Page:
Presentation #103.39 in the session Missions and Instruments.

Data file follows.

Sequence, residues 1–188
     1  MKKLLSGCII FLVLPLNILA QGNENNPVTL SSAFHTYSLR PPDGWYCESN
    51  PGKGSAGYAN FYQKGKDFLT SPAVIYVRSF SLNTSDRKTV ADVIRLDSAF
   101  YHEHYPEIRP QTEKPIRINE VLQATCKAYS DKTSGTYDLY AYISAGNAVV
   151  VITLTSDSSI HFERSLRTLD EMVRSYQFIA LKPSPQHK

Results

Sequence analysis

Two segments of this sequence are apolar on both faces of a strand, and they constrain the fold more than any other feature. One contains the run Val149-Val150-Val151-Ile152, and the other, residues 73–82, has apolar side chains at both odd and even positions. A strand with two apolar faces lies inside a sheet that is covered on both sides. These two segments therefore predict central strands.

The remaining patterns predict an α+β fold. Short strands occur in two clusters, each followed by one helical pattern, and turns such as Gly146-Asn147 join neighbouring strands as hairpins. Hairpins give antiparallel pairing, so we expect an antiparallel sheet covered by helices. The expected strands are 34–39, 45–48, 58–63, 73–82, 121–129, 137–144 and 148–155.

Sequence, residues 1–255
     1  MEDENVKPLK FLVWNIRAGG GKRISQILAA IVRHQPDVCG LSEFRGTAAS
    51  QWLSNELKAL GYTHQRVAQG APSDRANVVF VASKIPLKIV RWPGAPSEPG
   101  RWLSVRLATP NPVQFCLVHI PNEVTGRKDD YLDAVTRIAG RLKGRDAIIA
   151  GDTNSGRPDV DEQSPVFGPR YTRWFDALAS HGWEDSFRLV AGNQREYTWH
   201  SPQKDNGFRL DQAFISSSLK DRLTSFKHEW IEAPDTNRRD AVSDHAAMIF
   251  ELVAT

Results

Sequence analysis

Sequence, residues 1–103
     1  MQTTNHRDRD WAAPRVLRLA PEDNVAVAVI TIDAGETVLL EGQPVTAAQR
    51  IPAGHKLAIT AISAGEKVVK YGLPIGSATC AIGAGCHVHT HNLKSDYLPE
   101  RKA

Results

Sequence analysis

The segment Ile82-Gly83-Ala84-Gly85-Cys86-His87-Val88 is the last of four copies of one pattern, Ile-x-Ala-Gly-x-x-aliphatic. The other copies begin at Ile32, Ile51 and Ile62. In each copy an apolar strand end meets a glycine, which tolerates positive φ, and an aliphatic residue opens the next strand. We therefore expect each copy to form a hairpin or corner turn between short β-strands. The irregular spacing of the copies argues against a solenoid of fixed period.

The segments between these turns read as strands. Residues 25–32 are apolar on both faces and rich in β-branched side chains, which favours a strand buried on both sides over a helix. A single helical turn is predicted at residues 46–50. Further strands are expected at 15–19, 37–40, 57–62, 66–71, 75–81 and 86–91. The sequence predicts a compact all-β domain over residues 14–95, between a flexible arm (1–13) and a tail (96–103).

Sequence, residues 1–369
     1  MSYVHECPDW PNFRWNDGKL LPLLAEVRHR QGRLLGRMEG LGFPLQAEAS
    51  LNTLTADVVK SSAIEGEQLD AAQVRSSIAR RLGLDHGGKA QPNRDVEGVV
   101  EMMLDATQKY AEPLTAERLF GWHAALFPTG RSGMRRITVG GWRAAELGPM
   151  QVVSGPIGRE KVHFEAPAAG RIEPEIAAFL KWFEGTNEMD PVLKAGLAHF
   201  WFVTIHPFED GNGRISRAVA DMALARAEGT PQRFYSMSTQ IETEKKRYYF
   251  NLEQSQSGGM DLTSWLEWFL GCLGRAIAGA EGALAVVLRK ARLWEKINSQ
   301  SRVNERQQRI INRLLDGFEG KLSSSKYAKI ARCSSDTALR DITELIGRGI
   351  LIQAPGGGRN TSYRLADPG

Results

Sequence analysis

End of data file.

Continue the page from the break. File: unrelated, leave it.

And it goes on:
X-ray polarimetry can be effectively used to examine the geometry and physical mechanisms of the innermost regions of compact X-ray sources. IXPE and XL-Calibur are both X-ray polarimetry missions operating in complimentary energy ranges, 2-8 keV and 15-75 keV respectively. IXPE functions as a photoelectric effect polarimeter, while XL-Calibur is a scattering polarimeter. Though these missions function via different physical mechanisms, the observed data for each is stored as Stokes parameters that can be easily compared. A simultaneous fit is the ideal way to maximize the spectropolarimetric information that is extracted. For example, the thermal emission from an accreting stellar mass black hole dominates in the IXPE energy range, while the coronal emission dominates in the XL-Calibur energy range. Simultaneous fits using each mission’s dataset can thus improve constraints on such a system. The modulation factor is a key parameter determining the sensitivity of a polarimeter. In both missions, the modulation factor is correlated with another parameter that isn't energy. In general, spectropolarimetric fits are able to utilize the energy-dependence of the modulation factor to improve fitting. Adding another parameter that correlates with the modulation factor can further improve the polarization sensitivity. For IXPE, the modulation factor is determined by the ellipticity of the track image. For XL-Calibur, event selection can be done by making geometric cuts to divide data roughly be Compton scattering angle. In both cases, strategically binning the data by these parameters can improve the polarization sensitivity. In the case of XL-Calibur, there is an expected improvement of ~8% when accounting for this extra parameter. A similar improvement is expected for IXPE. In this presentation I will describe a method for multi-mission spectropolarimetric fitting that takes into account additional parameters. Realistic simulations will be used to illustrate the expected performance.